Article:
ADHD, clinically and socially

Updated: Jan 22, 2021

What is ADHD?

Clinically: ADHD, also known as attention deficit hyperactivity disorder, is a common neurodiverse condition that affects both kids and adults. ADHD affects the prefrontal cortex of the brain, the part of the brain responsible for rational decision-making.

Key symptoms of ADHD include inattention, hyperactivity, and impulsivity, which have significantly affected an individual in multiple settings before the age of 12.

However, having ADHD entails much more than these commonly perceived and recognized symptoms. Some comorbid symptoms of ADHD include sensory difficulties, social difficulties, forgetfulness, hypersensitivity, organizational and planning difficulties, Rejection Sensitive Dysphoria (RSD), low self esteem, depression, and anxiety. Read more about personal ADHD testimonies and experiences on our blog here.

ADHD is a neurodevelopmental condition. Although not formally classified as a learning disability, more than 50% of individuals with ADHD have a comorbid learning disability, such as dyslexia, dyscalculia, or dyspraxia. ADHD is diagnosed through a comprehensive psychoeducational assessment.

There are three subtypes of ADHD:

ADHD combined type, difficulties with hyperactivity, attention, impulsivity, and emotion control — the most common subtype of ADHD

ADHD, predominantly inattentive presentation (formerly known as ADD, attention deficit disorder)

ADHD, predominantly hyperactive-impulsive presentation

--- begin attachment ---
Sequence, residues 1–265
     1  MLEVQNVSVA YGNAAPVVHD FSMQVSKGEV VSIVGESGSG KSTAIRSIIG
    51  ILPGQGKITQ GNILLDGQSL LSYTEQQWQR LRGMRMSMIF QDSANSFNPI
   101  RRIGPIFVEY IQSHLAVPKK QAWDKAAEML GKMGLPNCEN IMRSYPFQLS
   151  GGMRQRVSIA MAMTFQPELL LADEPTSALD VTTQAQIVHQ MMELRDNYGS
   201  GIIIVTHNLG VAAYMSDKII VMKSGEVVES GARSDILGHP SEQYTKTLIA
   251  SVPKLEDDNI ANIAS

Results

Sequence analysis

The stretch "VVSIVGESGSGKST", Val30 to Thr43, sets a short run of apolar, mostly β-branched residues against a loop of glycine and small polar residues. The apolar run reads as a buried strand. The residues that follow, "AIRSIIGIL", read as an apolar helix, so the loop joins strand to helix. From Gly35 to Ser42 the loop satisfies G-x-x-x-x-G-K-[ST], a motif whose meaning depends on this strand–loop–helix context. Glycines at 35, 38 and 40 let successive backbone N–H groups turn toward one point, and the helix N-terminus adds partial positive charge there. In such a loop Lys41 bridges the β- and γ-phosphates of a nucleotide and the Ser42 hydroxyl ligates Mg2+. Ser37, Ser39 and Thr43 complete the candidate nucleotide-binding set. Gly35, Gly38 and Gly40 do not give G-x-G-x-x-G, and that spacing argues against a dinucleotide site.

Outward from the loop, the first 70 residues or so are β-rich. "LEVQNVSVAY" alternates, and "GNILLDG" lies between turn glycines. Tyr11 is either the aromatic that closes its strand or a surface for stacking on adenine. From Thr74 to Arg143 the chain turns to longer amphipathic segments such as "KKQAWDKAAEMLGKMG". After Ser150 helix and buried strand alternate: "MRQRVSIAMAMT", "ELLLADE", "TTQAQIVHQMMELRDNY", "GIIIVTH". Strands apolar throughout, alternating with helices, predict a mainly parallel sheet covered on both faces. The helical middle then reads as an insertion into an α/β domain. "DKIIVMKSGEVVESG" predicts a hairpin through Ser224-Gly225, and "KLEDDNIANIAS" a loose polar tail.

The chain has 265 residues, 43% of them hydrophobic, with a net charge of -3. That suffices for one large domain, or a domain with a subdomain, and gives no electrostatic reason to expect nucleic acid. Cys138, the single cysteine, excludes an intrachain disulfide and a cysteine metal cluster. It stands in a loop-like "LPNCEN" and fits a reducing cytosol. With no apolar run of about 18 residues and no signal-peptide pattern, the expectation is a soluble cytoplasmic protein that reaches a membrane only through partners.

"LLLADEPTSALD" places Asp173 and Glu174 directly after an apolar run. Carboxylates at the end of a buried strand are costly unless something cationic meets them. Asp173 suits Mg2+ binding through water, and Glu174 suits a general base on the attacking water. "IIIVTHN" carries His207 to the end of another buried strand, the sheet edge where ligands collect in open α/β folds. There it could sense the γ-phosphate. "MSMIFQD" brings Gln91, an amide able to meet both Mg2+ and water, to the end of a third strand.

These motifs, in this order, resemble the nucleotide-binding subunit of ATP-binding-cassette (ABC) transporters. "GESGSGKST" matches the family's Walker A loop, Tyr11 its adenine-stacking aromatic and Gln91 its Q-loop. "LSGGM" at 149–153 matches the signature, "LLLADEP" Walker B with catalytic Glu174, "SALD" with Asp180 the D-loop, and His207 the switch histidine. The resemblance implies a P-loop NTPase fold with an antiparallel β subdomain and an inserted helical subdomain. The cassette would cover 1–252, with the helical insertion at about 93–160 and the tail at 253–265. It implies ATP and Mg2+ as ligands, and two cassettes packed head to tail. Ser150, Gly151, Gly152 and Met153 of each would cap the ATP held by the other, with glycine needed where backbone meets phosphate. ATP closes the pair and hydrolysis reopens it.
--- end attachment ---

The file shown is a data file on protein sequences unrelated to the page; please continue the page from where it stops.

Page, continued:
Socially: ADHD is more commonly diagnosed in boys than girls. ADHD affects both girls and boys. However, girls are often heavily underdiagnosed due to society’s expectations of females, male-targeted diagnostic criteria, and an increased pressure to mask differences.

ADHD presents differently in girls and boys. While a teacher or parent may be quick to identify the disruptive, hyperactive boy in class, the quiet, outwardly obedient girl who has trouble focusing may go completely under the radar to develop self-esteem issues in the future. Read more about ADHD in girls here.

ADHD is most commonly diagnosed in Caucasian populations, and less so in Asian, Black, Latinx, or other BIPOC communities. This is less because certain populations are more disposed to the condition, but because Caucasian families may be more open to a diagnosis and addressing the difficulties at hand. In immigrant or BIPOC families, lack of awareness, misconceptions, and stigma are still relatively rampant around neurodiversity, which reduces the likelihood of diagnosis despite tangible difficulties. Diagnosed individuals from minority backgrounds may feel alone or ashamed with their experiences and be less inclined to seek support. However, this is exactly what we strive to combat at NeurodiverCity.

Individuals with ADHD have many diverse strengths: creativity, innovation, humor, and alternate solutions are among some of them. They are also very detail-oriented, intelligent, and enthusiastic, all very strong qualities in the workplace.

Personally? ADHD is an explanation, a validation for my personal experiences, and an intricate framework for how I perceive the world, think, and understand.

Of course, this doesn't mean that I don't struggle at all. Simple tasks can take me five times as long to complete. I struggle immensely with reading and have a love-hate relationship with writing. Organization is an insurmountable task for me, and all background noises impede my work. But I still wouldn't want it any other way for the world.

More to come!


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